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Olivia Chaney – St George’s, Jan 16th

January 17, 2014

We like a bit of folk in our house. Let me qualify that. When it is good, it can be very good. When it it is merely average, it gets boring very quickly. So a folk gig is high risk if it involves artist unknown. Take me to an average jazz gig – which happens pretty often – and I’ll probably find something to hold my interest. Average folk? I’d rather be in the bar.

But a quick sampling of Olivia Chaney on the internetz established this would be a low-risk outing. Trivial, maybe, but seemed important for the first gig of the year (not sure why it took so long), and after a disappointing – though bracingly expensive – evening from Bellowhead at Colston Hall on Dec 31st (First set: fine. Second set: Party time!, so too loud, and musically quite dull). And they have one of the best voices going with John Boden out front.

Nothing to be out front of here except the stage – this was all Chaney, with subtle accompaniment from time to time from Jordan Hunt on violin and vocals. Her voice really needs little beyond her own skilled guitar, piano and harmonium work. Such a voice! She’s a highly trained singer, you can tell – flexible, pitch perfect, rhythmically flawless. She’s also as expressive as you could wish. Comparisons with Sandy Denny have been made, and are not fanciful.  OK, she’s not a genius songwriter like Denny (though Swimming in the Longest River and Imperfections come close). But the sound and presence are a match for anyone, with a melancholy edge to match June Tabor.

So her single set was basically a series of highlights. Old folk ballads, an early Dylan number from when he was imitating folk ballads, a brilliantly re-imagined bit of Purcell, a Chilean ditty, and a sprinkling of her own songs, closing with a vocal prayer, sung solo, front stage, without the mike (the other pair of ears heard shades of Emma Kirkby at this point, just to broaden the comparison!). All, of course, a perfect match for the St George’s acoustic, which exposes the voice, but allows the maximum possible appreciation of one as fine as this.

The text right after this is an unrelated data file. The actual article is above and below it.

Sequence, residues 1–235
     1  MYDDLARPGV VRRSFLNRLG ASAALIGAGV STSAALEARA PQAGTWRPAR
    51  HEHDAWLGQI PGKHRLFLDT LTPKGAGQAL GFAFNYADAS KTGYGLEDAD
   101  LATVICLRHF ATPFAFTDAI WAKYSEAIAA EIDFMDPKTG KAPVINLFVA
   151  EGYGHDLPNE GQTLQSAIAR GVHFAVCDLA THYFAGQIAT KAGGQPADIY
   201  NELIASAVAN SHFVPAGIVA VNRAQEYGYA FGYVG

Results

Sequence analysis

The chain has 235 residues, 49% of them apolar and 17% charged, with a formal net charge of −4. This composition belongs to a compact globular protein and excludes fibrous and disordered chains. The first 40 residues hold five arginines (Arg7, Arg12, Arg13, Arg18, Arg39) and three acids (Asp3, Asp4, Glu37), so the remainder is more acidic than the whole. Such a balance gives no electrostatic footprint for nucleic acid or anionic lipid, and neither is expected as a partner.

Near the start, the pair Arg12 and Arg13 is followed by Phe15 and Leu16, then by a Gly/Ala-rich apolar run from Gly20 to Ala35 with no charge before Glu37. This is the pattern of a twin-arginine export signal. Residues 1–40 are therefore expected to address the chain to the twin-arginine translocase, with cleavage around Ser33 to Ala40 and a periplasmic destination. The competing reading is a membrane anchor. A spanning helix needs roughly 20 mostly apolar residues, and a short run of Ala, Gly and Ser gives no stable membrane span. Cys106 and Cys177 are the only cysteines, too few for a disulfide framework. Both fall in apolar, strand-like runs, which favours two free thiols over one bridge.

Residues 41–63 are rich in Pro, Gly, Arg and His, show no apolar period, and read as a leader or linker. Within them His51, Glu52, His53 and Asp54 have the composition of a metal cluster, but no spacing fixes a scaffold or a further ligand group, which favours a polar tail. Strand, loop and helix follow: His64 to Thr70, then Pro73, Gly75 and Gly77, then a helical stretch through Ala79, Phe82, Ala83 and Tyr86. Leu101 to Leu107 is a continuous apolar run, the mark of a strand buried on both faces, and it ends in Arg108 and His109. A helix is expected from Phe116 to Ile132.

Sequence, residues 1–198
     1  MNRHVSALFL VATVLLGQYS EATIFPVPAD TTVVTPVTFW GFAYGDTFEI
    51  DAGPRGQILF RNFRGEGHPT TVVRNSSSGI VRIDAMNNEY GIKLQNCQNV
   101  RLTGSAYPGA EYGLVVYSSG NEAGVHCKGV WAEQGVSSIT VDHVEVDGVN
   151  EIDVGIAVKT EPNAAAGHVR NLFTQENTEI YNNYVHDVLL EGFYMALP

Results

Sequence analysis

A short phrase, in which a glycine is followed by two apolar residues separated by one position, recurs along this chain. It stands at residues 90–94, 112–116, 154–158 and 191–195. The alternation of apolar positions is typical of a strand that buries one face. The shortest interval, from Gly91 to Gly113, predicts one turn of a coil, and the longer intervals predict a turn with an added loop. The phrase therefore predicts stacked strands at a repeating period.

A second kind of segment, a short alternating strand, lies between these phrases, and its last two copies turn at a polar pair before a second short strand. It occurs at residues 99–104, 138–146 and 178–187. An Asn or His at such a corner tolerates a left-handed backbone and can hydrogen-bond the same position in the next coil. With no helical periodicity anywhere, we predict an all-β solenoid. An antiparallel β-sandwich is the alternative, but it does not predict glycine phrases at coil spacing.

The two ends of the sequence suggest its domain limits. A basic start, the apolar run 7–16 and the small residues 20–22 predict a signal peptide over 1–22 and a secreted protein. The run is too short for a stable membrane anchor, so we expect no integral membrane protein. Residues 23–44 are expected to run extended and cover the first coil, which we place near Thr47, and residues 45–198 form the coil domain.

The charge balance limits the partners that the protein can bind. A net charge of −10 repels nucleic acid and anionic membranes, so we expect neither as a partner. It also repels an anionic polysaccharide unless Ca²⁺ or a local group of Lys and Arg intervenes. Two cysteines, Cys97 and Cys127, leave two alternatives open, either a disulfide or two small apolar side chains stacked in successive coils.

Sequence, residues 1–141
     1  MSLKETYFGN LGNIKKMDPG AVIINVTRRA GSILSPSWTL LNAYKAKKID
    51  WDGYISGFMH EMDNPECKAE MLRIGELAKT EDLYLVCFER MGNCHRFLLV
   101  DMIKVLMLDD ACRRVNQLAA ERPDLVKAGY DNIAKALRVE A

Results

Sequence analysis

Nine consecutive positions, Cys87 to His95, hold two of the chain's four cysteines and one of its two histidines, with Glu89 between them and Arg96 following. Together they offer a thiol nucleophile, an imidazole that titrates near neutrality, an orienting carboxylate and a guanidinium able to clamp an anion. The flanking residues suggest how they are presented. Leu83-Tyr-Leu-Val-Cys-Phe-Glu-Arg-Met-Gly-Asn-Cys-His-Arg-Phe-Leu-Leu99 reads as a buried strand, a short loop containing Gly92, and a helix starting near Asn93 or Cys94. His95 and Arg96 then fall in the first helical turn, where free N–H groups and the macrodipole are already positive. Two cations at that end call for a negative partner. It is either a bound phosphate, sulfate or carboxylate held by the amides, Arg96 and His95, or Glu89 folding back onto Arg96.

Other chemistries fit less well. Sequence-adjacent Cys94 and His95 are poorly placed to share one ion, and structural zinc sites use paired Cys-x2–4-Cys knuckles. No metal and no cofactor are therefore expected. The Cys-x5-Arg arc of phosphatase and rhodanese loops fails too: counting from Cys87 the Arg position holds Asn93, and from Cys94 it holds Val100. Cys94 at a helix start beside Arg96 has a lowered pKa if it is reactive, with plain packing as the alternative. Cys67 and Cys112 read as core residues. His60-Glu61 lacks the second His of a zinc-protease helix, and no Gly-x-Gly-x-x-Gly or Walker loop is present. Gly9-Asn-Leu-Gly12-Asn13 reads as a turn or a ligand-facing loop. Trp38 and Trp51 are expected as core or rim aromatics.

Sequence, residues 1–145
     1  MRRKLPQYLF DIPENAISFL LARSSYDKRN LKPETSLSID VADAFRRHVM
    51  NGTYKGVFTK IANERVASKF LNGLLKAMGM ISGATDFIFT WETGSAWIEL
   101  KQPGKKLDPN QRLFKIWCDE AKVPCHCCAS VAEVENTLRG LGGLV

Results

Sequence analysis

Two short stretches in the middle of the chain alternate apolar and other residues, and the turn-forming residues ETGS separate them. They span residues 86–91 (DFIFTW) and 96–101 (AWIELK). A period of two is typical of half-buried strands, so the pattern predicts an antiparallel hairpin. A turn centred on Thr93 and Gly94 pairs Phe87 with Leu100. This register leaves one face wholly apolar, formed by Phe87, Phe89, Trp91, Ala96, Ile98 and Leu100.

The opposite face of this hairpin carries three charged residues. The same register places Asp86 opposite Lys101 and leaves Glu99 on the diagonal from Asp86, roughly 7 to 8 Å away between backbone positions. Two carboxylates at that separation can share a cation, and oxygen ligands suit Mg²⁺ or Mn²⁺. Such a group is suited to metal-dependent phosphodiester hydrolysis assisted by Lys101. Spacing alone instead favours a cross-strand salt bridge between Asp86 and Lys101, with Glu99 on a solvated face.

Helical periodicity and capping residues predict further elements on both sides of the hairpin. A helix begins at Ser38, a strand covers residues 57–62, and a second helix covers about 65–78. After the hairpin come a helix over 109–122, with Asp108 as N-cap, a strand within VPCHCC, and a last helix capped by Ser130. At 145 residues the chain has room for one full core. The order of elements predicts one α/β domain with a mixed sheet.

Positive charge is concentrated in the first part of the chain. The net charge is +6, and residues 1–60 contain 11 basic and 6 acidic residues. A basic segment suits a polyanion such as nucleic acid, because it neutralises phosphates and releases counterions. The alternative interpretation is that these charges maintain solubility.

Here’s hoping this was the beginning of a a beautiful friendship between venue and artist, who seem so admirably suited. Newly signed to Nonesuch, she has a debut album in the making and we left in no doubt that she’s going to be a star. Next time, expect a full house and an audience who know all the songs. I’d order the CD now if I could. Risky? It would have been madness to miss this one.

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One Comment leave one →
  1. phil johnson permalink
    January 17, 2014 6:50 pm

    lovely appreciation…..the rather sudden ending of the show was due to olivia having to catch the last train back to london as she was due in the recording studio at 10 the next morning….we made it with two minutes to spare, but only because all the traffic lights were on green….sprinting to platform 11 with a harmonium in heavy flight case and two guitars is not recommended….please come as st g’s guests to three cane whale next thursday if you’re free….

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